Her paintings have been accepted into curated exhibits at the Creative Arts Workshop of New Haven, the Saco Museum, the University of New England and Twiggs Gallery in New Hampshire. Farrar is represented by the Stable Gallery in Damariscotta, Archipelago Fine Arts in Rockland, the Eastport Breakwater Gallery and the Center for Maine Craft in West Gardiner.

Farrar has a BA in Studio Art from the University of Maine and a Masters of Fine Art Degree in Interdisciplinary Arts from Goddard College in Vermont.

She currently owns and operates her own private art school in Maine out of her “Farmhouse” studio, where she holds varied workshops and classes. Hélène is a great lover of people, dogs, culture, music, podcasts, and birds. She can be often found enjoying the Maine outdoors skiing, biking, or walking her dog. She lives and works in Manchester with her ten-year-old daughter Olympia, engineer husband Stan and dog Buddy.

This exhibit is sponsored by the UMF Emery Community Arts Center.

A Winter’s Apprentice is the first account of a craftsman working in a Maine boat yard

By Ramona du HouxJohn Willey shares insights into life in a Maine boatyard, where he worked and kept a journal from 1978 to ’79 in his book, A Winter’s Apprentice. John’s perspectives are unique coming from being a scholar and private investigator. He knew he was working amoung a group of outstanding craftsmen and involved in a dying art that he has now preserved in his writings.

“Before it ever leaves its building shed, a yacht will take its makers on unimagined journeys. This one only begins in East Boothbay, Maine,” said Willey.

As the historian John Gardner confirms, until relatively recently boatbuilding was not recorded—the life of the yard crew even less so. Here is a rare and vibrant narrative from a winter apprentice.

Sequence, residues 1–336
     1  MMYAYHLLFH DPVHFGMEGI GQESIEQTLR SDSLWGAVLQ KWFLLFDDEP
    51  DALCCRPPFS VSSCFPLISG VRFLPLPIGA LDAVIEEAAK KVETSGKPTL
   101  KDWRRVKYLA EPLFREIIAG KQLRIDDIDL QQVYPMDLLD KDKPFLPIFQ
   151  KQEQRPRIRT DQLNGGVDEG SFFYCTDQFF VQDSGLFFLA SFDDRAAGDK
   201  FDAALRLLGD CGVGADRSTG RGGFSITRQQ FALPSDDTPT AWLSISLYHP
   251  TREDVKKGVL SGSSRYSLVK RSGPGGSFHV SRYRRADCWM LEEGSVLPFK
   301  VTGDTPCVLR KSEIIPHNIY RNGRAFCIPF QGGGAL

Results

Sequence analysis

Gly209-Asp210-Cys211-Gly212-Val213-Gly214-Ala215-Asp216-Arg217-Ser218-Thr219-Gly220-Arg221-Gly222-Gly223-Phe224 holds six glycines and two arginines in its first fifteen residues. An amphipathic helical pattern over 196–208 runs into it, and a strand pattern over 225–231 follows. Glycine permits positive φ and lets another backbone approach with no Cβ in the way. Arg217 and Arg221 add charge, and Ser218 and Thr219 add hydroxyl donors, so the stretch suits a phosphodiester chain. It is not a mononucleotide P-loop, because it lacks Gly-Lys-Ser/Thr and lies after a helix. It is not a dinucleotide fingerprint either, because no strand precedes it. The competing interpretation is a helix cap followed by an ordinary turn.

“It’s great, it really is great. I can see it, and see it all—smell it, taste it, and feel it. The shop and crew and Paul came through life size. I was there with you, every blessed, excruciating, wonderful minute…“Last night after supper, I sat down with it and didn’t get up until I had finished, about 2 a.m,” endorsed John Gardner, historian, designer and builder of wooden boats, author of books including Building Classic Small Craft.

John Willey enthusiastically recommends others to become apprentices of the trade.“The practice has worked well for more centuries than we can count. In every one of the great scholarly traditions, including but not limited to law and medicine and teaching, the best of us get that way by first attaching ourselves to the principles of what we want to know, and to the men and women who use and exemplify those principles to grow beyond them.”

Read more

Neil Rolde’s comprehensive history of the War Refugee Board

tearBy Ramona du Houx

Of the nine million Jews who had resided in Europe before the Holocaust, approximately two-thirds were killed. Many of the same elements that led to the Holocaust survive today. Maine author, Neil Rolde, has dedicated himself to broadening our awareness of this era. His histories highlight the degree to which the U.S. helped save Jews during the war and what that required.